In this final article of the series I’m focusing on 7 things you should consider to speed up your recovery after running.
1. Stretch & cool down after every run
You enjoy your running and you want to keep it up right?
After every run your muscles will get sore and your hamstrings, glutes & calves will start to tighten.
Also, modern life (being sat in the car, on the sofa, at the desk) is working against you having a supple, flexible, run-ready body.
Get into the habit of completing a 5-10 minute post-run stretch routine.
See it as the final part of today’s run or, as I try to, think of it as the first part of prep for your next run.
The Runners World ‘Complete Guide to Stretching’ is a great place to start.
2. Reward yourself with rest & recovery
You’ve worked hard on your run, warmed down correctly and feel great.
Now’s the time to reward yourself and give your body & mind the 24-48 hours rest it needs to recover, repair and refresh ready for your next run.
Once again, Runners World has complied a great resource for learning more about post-run Rest & Recovery that’s well worth a look.
3. Consider how you can cross train to improve your running
Including another type of workout can really help your running.
Swim, cycle, do a yoga class or a body-weight routine. Each of these activities can help:
- Improve your cardio
- Build strength and flexibility in the muscles your running doesn’t activate
- Reduce your risk of injury
- Aid your recovery and…
- Ensure you remain fresh for your next run
The RunKeeper blog had a great in-depth article on this earlier this month that you can read here.
4. Don’t be a martyr– listen to your body
You weren’t born on Krypton, you’re not indestructible – you will get injuries no matter how well you look after yourself.
Something one of my favourite bloggers, ‘Lazy Girl Running’ talks about in her article ‘Running injuries: avoiding them & fixing them’.
How you respond mentally can be the difference between whether you go a week or 3 months without a run.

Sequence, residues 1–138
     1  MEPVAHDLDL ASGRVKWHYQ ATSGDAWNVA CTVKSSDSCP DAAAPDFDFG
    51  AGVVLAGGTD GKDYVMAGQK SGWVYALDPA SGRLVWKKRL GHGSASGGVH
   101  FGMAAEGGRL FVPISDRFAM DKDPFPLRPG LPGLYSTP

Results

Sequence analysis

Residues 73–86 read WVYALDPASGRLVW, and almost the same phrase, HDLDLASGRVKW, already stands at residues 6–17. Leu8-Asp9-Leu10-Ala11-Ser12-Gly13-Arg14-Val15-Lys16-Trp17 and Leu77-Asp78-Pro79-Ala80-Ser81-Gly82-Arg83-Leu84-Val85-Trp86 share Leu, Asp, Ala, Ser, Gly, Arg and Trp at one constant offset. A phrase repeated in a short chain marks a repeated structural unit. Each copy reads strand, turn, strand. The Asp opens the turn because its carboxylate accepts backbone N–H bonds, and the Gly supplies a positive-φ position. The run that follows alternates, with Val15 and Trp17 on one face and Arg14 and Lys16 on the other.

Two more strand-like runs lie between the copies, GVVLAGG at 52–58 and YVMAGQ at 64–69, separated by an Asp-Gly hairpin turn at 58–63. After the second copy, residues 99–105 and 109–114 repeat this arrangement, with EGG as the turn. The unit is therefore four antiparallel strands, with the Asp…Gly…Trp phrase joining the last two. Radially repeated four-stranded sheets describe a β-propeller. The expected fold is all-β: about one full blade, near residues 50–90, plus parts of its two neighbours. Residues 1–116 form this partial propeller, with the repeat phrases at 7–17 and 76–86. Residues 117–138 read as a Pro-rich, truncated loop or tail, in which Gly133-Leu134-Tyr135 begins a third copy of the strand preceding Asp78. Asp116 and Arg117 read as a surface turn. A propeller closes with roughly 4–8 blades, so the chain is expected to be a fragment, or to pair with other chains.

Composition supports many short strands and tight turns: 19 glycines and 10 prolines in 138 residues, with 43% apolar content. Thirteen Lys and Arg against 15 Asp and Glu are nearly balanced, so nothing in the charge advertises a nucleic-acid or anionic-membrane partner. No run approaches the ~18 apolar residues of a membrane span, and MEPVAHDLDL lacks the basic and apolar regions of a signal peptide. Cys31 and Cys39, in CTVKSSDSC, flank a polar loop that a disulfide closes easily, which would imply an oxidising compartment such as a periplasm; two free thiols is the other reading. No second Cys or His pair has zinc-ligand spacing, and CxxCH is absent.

Ignore the symptoms and you make yourself more likely to suffer the knock-on injuries that come as your body tries to deal with the extra stress you’re putting on it.
Instead, accept that injuries happen and that it’s inevitable you’re going to lose a few runs/weeks every year.
Treat the injury seriously, seek advice, take the appropriate steps and time to recover and you’ll be back pounding the pavements or treadmill before you know it.
5. What you eat just got important
If you’re serious about improving and enjoying your running you’ll need to start treating your body like a high performance machine.
Don’t eat enough or eat the wrong things and you’ll be coughing and spluttering on the side of the road before you’ve got half-way.
But, put enough of the right fuel in and you’ll go far.
Let’s Get Running did a nice article on ‘Fuelling Your Training’ in August 2016.
Although I do also like this rather tongue-in-cheek infographic from Runners World!
6. Running can become a lifestyle and an attitude – ‘I am a runner’
You may well come to running simply as it offers the most convenient way for you to spend 3 hours exercising every week.
But, stick with it and it may well end up becoming one of the ways you define yourself.
I love this poem that I found via the ‘Run Now, Run Long’ website. The blog’s author, Ray, credits a Mike Edenfield with writing it.
7. Run alone if you want, but don’t ever think you’re on your own
For you, one of the attractions of running may well be the chance to get an hour on your own to relax, take stock or clear your head.
Remember that if you do ever want to connect with other runners to ask questions, get advice or just feed off their motivation you have loads of options.
You will have local running clubs who can provide education, coaches to give you variety in your workouts and a great social scene.
Head to social media and there are many vibrant, welcoming communities that can provide inspiration, advice and camaraderie. These are some of my favourites that you may like to follow:
I hope you found this 3 part series worth reading and even found one or two that you’ll take on and consider as part of your running plan.
If you feel others would benefit from this article then please do share it and it would be great to hear your favourite lessons so please comment below or connect with me on social media.
Thanks and see you out on the road, Chris